The group’s brands are a never-ending source of great stories but Kering does not want to become an aggregator.

Content will be produced, it will illustrate the group’s position on subjects ranging from digital integration in the workplace to the role of e-commerce to company values in the 21st century…

We should also begin to see the beginnings of sharing between brands.  This may seem obvious, but anyone who has ever worked in a large corporate group knows this is easier said than done.

The new baseline expresses the group’s position : “Empowering Imagination”.

These two words express the desire for imagination to be found not only in the products but in the customer relationship, in the creation of values, in the manner of collaborating – in short, at every level of the group’s business.

The group wishes to express an open and generous outlook, because this is promotes forward motion.

This attitude can be seen in, for example, allowing people outside the group (creatives, bloggers, journalists) to speak out and share their ideas for forward movement.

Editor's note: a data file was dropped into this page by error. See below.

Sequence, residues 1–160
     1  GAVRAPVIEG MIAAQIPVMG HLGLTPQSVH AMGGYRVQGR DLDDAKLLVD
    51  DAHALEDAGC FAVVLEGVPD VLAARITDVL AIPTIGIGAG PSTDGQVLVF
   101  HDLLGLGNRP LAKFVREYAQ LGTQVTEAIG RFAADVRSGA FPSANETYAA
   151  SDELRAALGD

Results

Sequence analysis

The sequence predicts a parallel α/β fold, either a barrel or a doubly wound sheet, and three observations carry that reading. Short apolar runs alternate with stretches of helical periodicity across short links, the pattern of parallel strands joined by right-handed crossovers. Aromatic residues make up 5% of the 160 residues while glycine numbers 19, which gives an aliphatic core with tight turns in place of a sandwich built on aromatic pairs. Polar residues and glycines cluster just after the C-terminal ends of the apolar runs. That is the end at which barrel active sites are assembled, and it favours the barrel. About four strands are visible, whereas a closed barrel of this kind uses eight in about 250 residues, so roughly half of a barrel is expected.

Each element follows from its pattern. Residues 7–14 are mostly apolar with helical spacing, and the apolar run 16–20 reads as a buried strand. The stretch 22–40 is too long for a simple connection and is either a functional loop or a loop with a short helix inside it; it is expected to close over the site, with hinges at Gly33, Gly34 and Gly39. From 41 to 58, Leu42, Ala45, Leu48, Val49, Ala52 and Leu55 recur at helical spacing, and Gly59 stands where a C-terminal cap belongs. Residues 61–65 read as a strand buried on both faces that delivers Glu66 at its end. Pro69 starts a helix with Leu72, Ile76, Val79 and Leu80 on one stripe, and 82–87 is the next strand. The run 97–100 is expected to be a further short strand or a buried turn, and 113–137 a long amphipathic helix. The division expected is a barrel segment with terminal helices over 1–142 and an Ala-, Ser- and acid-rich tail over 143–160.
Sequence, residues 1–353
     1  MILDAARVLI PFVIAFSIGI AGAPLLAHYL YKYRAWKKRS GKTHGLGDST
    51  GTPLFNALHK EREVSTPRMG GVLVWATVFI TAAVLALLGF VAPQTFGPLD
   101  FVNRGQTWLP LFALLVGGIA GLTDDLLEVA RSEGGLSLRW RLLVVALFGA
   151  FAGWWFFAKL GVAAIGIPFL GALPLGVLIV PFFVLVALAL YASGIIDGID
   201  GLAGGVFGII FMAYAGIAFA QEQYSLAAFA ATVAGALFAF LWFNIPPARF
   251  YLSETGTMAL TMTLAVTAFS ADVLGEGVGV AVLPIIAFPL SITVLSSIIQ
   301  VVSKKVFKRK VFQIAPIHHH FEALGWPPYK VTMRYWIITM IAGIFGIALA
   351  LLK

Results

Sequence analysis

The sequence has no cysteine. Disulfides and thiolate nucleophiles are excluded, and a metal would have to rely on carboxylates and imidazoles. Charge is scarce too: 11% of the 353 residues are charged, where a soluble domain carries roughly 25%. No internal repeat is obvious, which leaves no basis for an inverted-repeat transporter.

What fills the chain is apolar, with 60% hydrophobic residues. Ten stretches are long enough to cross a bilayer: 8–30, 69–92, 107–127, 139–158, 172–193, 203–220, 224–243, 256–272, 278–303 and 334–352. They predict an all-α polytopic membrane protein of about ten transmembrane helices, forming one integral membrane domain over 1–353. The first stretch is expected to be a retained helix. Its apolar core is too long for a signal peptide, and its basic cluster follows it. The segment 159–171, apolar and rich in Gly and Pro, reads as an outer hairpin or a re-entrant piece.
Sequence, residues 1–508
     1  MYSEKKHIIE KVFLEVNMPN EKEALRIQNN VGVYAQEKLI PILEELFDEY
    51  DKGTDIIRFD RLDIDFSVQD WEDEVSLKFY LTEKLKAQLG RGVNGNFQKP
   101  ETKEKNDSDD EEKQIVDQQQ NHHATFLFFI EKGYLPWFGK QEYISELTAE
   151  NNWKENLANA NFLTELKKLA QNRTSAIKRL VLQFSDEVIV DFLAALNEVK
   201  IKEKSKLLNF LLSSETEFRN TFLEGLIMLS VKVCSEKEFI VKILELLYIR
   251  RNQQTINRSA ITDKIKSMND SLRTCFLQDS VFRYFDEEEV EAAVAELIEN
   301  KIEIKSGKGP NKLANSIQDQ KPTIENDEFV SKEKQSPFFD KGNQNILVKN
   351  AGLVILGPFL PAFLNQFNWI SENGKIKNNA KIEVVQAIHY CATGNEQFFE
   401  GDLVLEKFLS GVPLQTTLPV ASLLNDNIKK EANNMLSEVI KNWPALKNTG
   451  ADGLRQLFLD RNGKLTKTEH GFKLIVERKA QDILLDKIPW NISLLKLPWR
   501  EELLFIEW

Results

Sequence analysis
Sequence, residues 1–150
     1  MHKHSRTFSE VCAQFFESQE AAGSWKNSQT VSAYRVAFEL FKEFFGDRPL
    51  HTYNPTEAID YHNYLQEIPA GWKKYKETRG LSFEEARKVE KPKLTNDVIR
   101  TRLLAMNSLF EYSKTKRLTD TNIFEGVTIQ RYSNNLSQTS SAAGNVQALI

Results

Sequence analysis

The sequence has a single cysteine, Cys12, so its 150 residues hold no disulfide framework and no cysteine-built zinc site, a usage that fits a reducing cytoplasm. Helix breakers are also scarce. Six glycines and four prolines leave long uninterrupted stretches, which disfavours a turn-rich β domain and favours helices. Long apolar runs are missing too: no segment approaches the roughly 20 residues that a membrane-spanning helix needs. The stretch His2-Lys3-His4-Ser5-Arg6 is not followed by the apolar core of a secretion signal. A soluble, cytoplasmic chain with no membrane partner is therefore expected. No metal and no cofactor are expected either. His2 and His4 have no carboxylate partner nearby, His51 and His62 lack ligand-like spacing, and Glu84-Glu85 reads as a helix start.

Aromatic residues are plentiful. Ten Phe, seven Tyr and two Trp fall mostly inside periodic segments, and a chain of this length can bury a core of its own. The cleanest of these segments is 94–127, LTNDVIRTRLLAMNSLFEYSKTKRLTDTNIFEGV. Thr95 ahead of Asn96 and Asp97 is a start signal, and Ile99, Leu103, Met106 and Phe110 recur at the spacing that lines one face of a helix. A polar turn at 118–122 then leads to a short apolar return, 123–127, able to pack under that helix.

The group wishes to open up and make use of its strengths to highlight new talent, for instance.

What are the stages of this brand name change ?

  1. Define a reason for being
  2. Birth
  3. Flight

For the time being, Kering is in the second phase and say they will take their time to do things right.

They believe that a spectacular launch would not be in good taste (money uselessly wasted on B2B targets) and would be in contradiction with the group’s desire for efficiency.

They are currently responding to the duty to inform their main markets : US, UK, France, Italy, Japan and China.

What is at stake in such a change ?

According to Louise Beveridge, there are 4 major steps :

  1. To succeed in creating a simple, complete and relevant positioning, both internally     and externally (a necessary anchor) : empowering imagination
  2. To define a strong brand name, one with true meaning.
  3. To spread the information, minimising confusion and disorientation : in progress for Kering / this is a process taking place over the course of one year
  4. To implement and to nurture
gregfromparisAuteur: Grégory Pouy
Comments are closed.